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Saturday, 9 November, 2002, 08:19 GMT
Mau Mau rebels threaten court action
Kenyan demonstrators
Fifty years on, and Kenyan anger is boiling over

Kenyans who fought in the Mau Mau rebellion against colonial rule in the 1950s say they are preparing to take the British Government to court for alleged human rights abuses.

More than 13,000 Africans were killed in the fighting - including Mau Mau guerrillas, troops and civilians - and about 100 Europeans.

Now a welfare group with more than half-a-million members, the Mau Mau Trust, claims many veterans were tortured and illegally detained by the British.

It is hoping to win compensation.

Slave labour

The Mau Mau Trust claims that many of its fighters were regularly beaten and tortured by British forces throughout their fight for independence.

Some were alleged to have been battered with rifle butts, stabbed with broken bottles and forced to do slave labour.

This treatment is said to have left many mentally scarred and unable to walk again.

Last year, the Mau Mau Trust tried to take legal action in Kenya, but failed to win the Kenyan Government's backing.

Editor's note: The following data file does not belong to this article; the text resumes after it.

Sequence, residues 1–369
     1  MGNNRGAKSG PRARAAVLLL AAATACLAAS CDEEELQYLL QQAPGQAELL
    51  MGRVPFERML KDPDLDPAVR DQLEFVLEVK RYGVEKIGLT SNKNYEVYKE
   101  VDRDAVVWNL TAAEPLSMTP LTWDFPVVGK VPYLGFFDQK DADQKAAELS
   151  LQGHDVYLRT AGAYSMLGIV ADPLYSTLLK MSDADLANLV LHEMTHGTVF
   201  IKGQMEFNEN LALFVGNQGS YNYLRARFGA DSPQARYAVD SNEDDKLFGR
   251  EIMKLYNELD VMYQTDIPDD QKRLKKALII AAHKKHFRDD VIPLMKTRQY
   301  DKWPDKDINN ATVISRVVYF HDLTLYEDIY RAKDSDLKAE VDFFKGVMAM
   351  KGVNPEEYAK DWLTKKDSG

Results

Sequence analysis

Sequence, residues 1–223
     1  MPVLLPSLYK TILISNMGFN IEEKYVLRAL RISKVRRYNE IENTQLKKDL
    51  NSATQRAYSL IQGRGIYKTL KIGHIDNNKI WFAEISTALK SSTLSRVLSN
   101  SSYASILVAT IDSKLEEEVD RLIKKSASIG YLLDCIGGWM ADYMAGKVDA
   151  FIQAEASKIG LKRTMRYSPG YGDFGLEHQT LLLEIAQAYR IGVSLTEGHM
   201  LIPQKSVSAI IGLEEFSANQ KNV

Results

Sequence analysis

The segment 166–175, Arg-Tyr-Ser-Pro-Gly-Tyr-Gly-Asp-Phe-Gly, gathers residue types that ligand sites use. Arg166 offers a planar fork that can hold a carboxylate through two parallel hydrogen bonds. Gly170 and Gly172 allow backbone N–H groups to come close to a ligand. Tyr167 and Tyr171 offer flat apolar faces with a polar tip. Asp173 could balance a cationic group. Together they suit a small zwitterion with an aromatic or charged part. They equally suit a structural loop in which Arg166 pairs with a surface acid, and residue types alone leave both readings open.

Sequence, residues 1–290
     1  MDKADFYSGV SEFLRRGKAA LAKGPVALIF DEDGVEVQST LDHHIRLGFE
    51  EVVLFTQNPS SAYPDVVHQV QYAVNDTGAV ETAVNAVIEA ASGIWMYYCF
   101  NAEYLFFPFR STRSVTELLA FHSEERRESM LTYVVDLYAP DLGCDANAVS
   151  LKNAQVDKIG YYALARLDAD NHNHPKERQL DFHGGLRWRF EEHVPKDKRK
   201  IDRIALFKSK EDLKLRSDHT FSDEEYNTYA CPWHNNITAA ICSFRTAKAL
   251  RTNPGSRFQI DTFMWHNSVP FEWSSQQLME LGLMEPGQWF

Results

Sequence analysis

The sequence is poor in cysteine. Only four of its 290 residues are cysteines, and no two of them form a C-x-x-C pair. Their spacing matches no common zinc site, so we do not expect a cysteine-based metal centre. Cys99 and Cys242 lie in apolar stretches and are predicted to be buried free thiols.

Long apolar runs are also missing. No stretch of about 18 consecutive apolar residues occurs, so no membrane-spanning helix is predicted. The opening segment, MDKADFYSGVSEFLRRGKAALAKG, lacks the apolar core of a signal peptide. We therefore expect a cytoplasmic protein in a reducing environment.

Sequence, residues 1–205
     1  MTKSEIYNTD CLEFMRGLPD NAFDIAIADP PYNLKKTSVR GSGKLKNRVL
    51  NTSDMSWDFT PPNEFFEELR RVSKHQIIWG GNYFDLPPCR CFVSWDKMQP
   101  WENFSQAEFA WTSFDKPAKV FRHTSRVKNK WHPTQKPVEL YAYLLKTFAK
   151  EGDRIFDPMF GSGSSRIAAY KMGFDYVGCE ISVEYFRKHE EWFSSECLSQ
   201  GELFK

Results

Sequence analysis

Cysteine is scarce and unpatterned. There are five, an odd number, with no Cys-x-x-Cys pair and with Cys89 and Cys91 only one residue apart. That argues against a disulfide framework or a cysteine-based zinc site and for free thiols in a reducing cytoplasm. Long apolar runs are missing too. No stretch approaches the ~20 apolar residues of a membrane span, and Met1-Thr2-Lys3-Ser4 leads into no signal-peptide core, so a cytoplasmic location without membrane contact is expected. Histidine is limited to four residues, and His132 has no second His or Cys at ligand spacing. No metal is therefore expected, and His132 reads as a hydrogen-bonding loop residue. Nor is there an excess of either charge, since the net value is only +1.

Now, they have hired English lawyer Martin Day, who recently won compensation for British prisoners of war detained by the Japanese, as well as for some Jews who were forced to work for the Nazis.

Mr Day predicts that victory in the British courts could win many thousands of Mau Mau veterans six-figure sums in compensation.

Should they fail, the trust's chairman is threatening to campaign for a boycott of all British products in Kenya.

[You can find out more about the British campaign against Mau Mau in a special report by BBC2's Correspondent programme to be shown at 1915GMT on 17 November]

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 ON THIS STORY
The BBC's Andrew Harding reports from Kenya
"They've not forgotten what they say the British did to them"
See also:

22 Mar 01 | Africa
04 May 01 | Africa
18 Jul 02 | UK
29 Oct 02 | Country profiles
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